Ultima Thule

In ancient times the northernmost region of the habitable world - hence, any distant, unknown or mysterious land.

Friday, May 13, 2005

Larry Gelbart pens M*A*S*H note to Ann Coulter

By Aussiegirl

Larry Gelbart, writing in today's Huffington Post (we read it so you don't have to), has his knickers in a knot because he thinks Ann Coulter is mean and ugly, and not only that -- according to him she is the lowest form of anti-Semite.

Here's a quote from Mr. Gelbart's opening salvo:

"Politics is politics. Anything below the belt is still in the strike zone. But Anne "Fisheye" Coulter? And her stated opinion that the Jews owe their survival to their ability to pander? Is this politics? Or reportage? Or just the shit/hate - filled exhaust that is a natural byproduct of this unstoppable, unappetizing motor mouth?"


Now, if Ann had actually said that and meant it, I would agree with him, although I wouldn't use quite the same language.

Sadly, It has apparently escaped Mr. Gelbart that Ann Coulter, writing in the best traditions of the English language, has employed the literary figure of irony to make her point.

My Merriam Webster defines irony thusly:

"The use of words to express something other than and especially the opposite of the literal meaning."

In another edition of Webster's it's defined this way:

"A sort of humor, ridicule, or light sarcasm, the intended implication of which is the opposite of the literal sense of the words."


In reality, Ann's column, which appeared in 2003, is a long disquisition on the various ploys used by a variety of recent Democrat candidates for the presidency, which ranged from an alarming epidemic of relatives with tragic stories, to the more recent phenomenon where a number of candidates, from Hillary Clinton to John Kerry, suddenly discovered long-lost Jewish ancestors.

It is clear that her intended meaning is exactly the opposite of her words. She is making the point that it is ridiculous and insulting to the heroic history of the Jews, who have withstood centuries of persecution and oppression, for a candidate to higher office to assume that a person of Jewish ancestry might be moved to cast their vote merely on the suggestion of a distant Jewish relation. In reality she is saying that it is the candidates who stoop to such nonsense, who are pandering in the cheapest way to a constituency which deserves more respect.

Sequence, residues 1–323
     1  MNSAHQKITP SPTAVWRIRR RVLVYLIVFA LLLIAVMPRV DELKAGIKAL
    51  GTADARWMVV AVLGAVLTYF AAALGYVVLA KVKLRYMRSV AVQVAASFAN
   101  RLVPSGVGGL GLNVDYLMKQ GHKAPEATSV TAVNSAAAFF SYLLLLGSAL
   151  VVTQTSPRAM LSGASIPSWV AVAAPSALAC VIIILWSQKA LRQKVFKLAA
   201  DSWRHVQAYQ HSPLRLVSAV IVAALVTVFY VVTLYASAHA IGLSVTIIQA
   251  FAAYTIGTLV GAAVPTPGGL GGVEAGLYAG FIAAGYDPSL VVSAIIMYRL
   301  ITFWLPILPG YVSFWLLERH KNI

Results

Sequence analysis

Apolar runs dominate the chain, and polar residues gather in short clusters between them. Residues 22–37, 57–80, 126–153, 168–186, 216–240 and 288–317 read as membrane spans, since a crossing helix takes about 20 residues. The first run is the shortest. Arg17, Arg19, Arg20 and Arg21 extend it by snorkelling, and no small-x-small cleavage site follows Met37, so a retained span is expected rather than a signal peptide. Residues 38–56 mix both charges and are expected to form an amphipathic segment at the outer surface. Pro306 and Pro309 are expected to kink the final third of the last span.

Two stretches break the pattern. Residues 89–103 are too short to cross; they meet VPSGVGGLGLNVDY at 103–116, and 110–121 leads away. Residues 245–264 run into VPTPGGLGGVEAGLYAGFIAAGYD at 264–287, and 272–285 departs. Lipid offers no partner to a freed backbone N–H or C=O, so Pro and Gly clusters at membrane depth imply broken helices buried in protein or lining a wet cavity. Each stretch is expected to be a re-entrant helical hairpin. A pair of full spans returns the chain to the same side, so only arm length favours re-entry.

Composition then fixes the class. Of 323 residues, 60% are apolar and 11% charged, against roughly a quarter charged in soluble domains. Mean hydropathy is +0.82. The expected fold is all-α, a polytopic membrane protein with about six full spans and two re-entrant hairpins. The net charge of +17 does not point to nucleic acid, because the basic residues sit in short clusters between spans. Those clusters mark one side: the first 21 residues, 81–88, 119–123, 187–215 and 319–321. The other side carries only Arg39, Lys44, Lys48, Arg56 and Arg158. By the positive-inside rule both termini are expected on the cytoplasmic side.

One would think that a professional writer of Mr. Gelbart's caliber would be familiar with the use of irony, particularly for one who has made his fame as a comedy writer.

Anyway -- he forgot to mention that her mother also wears combat boots.

Here's a bit more from the bitter pen of Mr. Gelbart:

If Ms. (short for misfit) Coulter's theory is valid, perhaps it's also true that blondes owe their survival (even those whose black roots are only wannabes) to their ability to be hurtful to those who have had their fill of being wounded and just can't die off fast enough to suit some people.


Perhaps Mr. Gelbart has been operating under a MISapprehension, and has made a wee bit of a MIStake. Or -- maybe he was practicing irony.

2 Comments:

At 9:15 PM, Blogger Michael Morrison said...

Good timing. I had earlier today tried to respond to the moronic or dishonest -- or both -- Gelbart diatribe but found, as did you, that one cannot comment on anything at The Huffington Post.
It suddenly reminds me of this old story: The editor of the New York Post, of many decades ago, had called the New York Sun (I believe) a "yellow dog."
The editor of the Sun replied his attitude was that of any dog toward any post.
Sorry specimens such as Gelbart will wallow in their safe positions, able to lie about their perceived enemies without fear of correction, and Arianna will have to be tarred with the same brush decent people will use against Gelbart and his ilk.

 
At 7:35 AM, Blogger JRob said...

It has been awhile since I've visited your comments section. It seems that Arianna wants to give every hack commentator a forum where nothing gets challenged. Mr. Gelbart is a case in point. Why let a little thing like context get in the way when you can score more points by one of the most dishonest means of smear (I know, all forms of smear are dishonest) the out-of-context quote.

 

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